Thursday, June 14, 2012

on being vs. doing

I never understood this type of statement: my four year old goes to ballet twice a week and the other two days she takes violin. On Sundays, she plays soccer, and in the summer it is karate camp. She loves all of them!

Who loves all of them: the child? Or do you love being the parent of such a child? Or does it sound good on her kindergarten resume?

My kids never expressed interest in any of those extracurricular activities. (With the exception of drums by 8 yo). Maybe they would mention once how they would like to play this or do that, but it never came to begging to sign them up for anything. The gymnastics that the boys were doing came as a result of me deciding that it would be a good physical outlet for my middle child instead of him scaling walls. 8 yo joined him this past year because it looked cool, but there were plenty of days when neither one of them seemed eager to go. At the end of the year, both boys told me they do not want to continue, so we stopped. So far, they have not asked for anything else.

I have been waiting for them to find that one thing that they would REALLY want to do, and for the pestering that comes with it. The kind when kids get puppy fever and promise and swear to take care of it and walk it and brush it and love it and clean up its messes, just, mommy, PLEEEASE?! Honestly, there has not been any activity that they begged for like that.

Drumming is an exception. 8 yo asked about it for many months, not in a pestering sort of way, but in a consistent manner. I had not considered it while he was in school, as there simply was not any time to drive to a lesson and then practice at home. Now that he had been home, we were able to pull it off, but, mildly speaking, he had cooled off to it. I have a feeling that in his head he was supposed to turn into a rock star the second he put his hands on the drum sticks and the reality of hard practice stinks. I am not sure what to be doing with this. I want to encourage him to persevere, but, at the same time, considering my personal traumatic piano practice, when he says "enough", I might need to stop.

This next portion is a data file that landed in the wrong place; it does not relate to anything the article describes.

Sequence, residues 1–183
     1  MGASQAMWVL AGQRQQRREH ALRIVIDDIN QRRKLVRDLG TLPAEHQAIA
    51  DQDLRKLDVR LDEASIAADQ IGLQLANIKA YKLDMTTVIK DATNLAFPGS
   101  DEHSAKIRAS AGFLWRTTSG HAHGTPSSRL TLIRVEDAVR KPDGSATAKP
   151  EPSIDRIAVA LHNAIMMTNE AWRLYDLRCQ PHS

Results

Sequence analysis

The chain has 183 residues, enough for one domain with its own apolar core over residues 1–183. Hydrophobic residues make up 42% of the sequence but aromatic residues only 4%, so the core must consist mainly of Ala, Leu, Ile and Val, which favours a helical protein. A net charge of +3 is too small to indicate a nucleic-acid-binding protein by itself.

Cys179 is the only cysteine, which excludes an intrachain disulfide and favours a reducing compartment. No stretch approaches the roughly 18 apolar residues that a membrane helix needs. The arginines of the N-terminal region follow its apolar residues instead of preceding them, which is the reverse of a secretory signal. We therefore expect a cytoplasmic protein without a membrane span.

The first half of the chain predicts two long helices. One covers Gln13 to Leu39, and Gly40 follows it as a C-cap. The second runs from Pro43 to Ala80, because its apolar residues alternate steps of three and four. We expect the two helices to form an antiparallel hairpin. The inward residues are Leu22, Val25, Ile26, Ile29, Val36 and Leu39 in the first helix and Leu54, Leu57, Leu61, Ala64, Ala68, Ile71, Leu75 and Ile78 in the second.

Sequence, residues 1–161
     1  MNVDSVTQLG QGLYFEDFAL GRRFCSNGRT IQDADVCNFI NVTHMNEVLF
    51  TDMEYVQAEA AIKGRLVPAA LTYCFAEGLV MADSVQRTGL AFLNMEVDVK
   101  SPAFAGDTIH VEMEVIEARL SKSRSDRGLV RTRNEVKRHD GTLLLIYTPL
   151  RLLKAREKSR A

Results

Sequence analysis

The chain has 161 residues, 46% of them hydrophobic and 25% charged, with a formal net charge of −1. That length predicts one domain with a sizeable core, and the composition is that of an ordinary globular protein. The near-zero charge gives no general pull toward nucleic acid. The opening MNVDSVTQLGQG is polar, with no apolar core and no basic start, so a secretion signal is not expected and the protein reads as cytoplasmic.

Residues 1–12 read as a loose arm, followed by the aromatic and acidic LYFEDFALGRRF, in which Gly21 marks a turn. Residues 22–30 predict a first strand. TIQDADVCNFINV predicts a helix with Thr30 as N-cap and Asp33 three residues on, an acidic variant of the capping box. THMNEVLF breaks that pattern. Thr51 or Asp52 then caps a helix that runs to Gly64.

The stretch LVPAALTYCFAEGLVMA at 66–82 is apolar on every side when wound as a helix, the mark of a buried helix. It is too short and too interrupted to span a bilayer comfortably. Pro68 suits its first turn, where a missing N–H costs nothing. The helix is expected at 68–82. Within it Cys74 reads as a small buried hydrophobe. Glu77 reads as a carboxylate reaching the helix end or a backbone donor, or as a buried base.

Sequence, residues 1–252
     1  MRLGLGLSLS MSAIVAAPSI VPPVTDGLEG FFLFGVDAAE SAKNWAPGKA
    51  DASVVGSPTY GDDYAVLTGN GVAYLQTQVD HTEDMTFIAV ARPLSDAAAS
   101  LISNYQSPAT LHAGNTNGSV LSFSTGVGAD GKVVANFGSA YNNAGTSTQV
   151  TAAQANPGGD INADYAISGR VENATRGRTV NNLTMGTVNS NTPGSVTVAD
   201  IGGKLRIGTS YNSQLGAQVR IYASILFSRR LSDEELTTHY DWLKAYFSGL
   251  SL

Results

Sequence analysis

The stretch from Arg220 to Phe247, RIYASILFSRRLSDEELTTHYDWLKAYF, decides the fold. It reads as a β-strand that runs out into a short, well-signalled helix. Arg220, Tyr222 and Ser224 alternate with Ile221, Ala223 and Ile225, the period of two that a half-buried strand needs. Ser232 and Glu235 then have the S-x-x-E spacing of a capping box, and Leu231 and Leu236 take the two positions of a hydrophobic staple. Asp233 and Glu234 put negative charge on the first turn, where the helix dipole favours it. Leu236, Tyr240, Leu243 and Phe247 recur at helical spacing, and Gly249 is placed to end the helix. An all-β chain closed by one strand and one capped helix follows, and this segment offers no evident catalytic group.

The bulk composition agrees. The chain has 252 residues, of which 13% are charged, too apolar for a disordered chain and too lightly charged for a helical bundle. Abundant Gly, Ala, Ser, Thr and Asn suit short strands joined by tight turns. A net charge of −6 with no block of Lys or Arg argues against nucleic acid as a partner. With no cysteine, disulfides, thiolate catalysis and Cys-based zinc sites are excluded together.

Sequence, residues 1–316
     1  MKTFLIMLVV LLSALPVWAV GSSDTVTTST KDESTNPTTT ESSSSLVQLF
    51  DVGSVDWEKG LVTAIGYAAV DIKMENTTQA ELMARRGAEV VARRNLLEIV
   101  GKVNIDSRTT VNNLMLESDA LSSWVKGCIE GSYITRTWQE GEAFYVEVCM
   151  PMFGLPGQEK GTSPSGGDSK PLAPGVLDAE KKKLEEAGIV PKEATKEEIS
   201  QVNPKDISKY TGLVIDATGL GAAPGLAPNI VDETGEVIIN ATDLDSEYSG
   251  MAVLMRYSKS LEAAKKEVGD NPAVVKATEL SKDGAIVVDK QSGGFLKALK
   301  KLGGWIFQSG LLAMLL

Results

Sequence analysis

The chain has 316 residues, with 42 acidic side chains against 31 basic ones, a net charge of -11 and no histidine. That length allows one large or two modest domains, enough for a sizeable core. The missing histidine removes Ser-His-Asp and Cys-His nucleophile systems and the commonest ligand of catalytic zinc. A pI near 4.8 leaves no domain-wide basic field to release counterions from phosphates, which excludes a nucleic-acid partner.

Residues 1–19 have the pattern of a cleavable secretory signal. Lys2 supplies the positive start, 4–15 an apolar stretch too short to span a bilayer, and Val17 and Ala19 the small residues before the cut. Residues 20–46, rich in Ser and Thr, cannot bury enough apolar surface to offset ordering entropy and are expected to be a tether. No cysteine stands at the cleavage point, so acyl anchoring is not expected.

I have been wondering what's behind this lack of requests for other activities. Maybe my kids are very good at just being. They come up with games and activities by themselves all the time. I do not always know what they are playing, but they are constantly playing and I am constantly interrupting this play to do something: eat, sleep, do school work, go to the store... When they are playing, they are not doing anything that is considered admirable in the adult world. Worse, they are not doing anything that parents can brag about to one another. Who wants to hear about my son, the expert couch-cushion-house builder?

I know that my kids have their passions, but they are not neatly translatable into acceptable categories. I know that as they get older, they will be able to latch onto a passion and pursue it. In the meanwhile, I will sit back and enjoy saving thousands of dollars by letting my kids be.


  1. Great Post. I feel the same way! BTW, I also had a traumatic piano learning experience, but I do miss that I gave it up so easily. Had my mother encouraged me properly, "good job, I'm proud of you!", it would have been so different. Encourage your drummer, maybe see why it's not good for him anymore, if it's something you can help with. I love this post.

  2. I couldn't agree more. I think a lot of parents prefer their children to activities because it makes the parent feel better. They feel that they are giving to their child or meeting some (imagined) need. In reality, I expect most kids would rather just run around and play and have real, quality time with their parents. Sadly, I think too many parents off-load their parenting duties to the teachers of these activities. So many parents cannot imagine a long stretch of the day-- or week!-- with their child and no "activities".